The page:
This month, former Enron treasurer Ben Glisan pleaded guilty to one count of criminal conspiracy to commit securities and wire fraud. His conviction made him the first Enron executive to end up in jail, where he will spend the next five years. Given the Bush administration’s close ties to the Texas-based corporation, we do not expect to see more top executives convicted until President George W. Bush is out of office.
The conviction comes almost two years after Enron first filed for bankruptcy. Although some mid-level employees at Enron have been convicted, trials have not yet begun for the true conspirators, former Chairman Ken Lay and CEO Jeff Skilling. Experts in the case say top executives are much more difficult to convict in cases like these because they insulate themselves from a lot of financial decisions. In this case, there is evidence to suggest the Bush administration itself will attempt to insulate Lay and Skilling.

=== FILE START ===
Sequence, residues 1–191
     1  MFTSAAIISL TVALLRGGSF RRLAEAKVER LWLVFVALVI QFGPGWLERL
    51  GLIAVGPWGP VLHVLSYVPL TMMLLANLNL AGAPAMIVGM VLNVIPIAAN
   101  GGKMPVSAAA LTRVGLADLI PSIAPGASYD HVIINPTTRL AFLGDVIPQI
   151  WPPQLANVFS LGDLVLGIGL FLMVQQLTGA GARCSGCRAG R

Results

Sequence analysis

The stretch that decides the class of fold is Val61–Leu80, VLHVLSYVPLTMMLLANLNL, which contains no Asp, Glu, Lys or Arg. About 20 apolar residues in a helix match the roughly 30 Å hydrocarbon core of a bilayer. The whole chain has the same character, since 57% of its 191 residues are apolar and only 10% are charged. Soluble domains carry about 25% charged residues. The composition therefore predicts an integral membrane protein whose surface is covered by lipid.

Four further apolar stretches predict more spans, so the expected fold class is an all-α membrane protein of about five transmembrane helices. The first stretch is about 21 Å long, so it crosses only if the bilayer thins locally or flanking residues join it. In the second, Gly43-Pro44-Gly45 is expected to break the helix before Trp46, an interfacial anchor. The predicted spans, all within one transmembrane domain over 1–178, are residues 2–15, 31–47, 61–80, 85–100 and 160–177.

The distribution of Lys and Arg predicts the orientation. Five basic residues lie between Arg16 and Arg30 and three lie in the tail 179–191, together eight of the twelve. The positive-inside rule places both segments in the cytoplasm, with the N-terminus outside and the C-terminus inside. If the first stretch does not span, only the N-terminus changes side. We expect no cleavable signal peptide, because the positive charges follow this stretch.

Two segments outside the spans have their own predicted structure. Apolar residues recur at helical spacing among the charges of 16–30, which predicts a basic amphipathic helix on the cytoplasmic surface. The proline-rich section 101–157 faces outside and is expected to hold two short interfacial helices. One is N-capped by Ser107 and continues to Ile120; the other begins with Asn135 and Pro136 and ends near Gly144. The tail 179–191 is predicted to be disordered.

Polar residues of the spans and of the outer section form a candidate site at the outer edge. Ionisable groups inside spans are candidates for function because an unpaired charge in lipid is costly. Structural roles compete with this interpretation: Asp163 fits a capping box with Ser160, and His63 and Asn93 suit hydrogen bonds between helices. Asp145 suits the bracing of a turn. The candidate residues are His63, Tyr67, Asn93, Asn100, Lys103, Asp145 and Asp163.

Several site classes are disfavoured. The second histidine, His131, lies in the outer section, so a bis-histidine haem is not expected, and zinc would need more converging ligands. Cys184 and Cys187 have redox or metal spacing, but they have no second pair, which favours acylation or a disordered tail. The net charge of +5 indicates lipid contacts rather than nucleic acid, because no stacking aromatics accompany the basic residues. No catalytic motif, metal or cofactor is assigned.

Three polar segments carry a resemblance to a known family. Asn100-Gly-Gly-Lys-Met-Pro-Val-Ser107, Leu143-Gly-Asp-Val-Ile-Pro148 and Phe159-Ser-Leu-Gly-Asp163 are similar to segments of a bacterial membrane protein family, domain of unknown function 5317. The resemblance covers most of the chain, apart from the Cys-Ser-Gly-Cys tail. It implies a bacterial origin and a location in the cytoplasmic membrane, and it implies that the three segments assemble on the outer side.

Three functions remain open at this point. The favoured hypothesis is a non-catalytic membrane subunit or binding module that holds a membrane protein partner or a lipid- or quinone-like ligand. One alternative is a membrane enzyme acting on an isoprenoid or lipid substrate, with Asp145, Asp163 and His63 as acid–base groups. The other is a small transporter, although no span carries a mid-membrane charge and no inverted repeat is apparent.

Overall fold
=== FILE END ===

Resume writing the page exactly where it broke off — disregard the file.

Enron, and specifically Ken Lay, wrote our nation’s energy policy. This summer, Vice President Dick Cheney attempted to make some documents from the energy task force secret in an attempt to hide the connection. He feared people would see the relationship between huge campaign donations and the huge ability to affect policy. Not surprisingly, we saw the connection anyway. A letter has appeared in which Bush actually calls Ken Lay “Kenny Boy.”
If Lay and Skilling get off scot-free in this case, it will indicate there are serious problems in our criminal justice system. It will confirm our worst suspicions: Bush and Cheney run a good-old-boys system where only money talks. The justice system is moving so slowly on these cases that Bush will almost certainly be jogging back at the ranch before anyone notices what happened.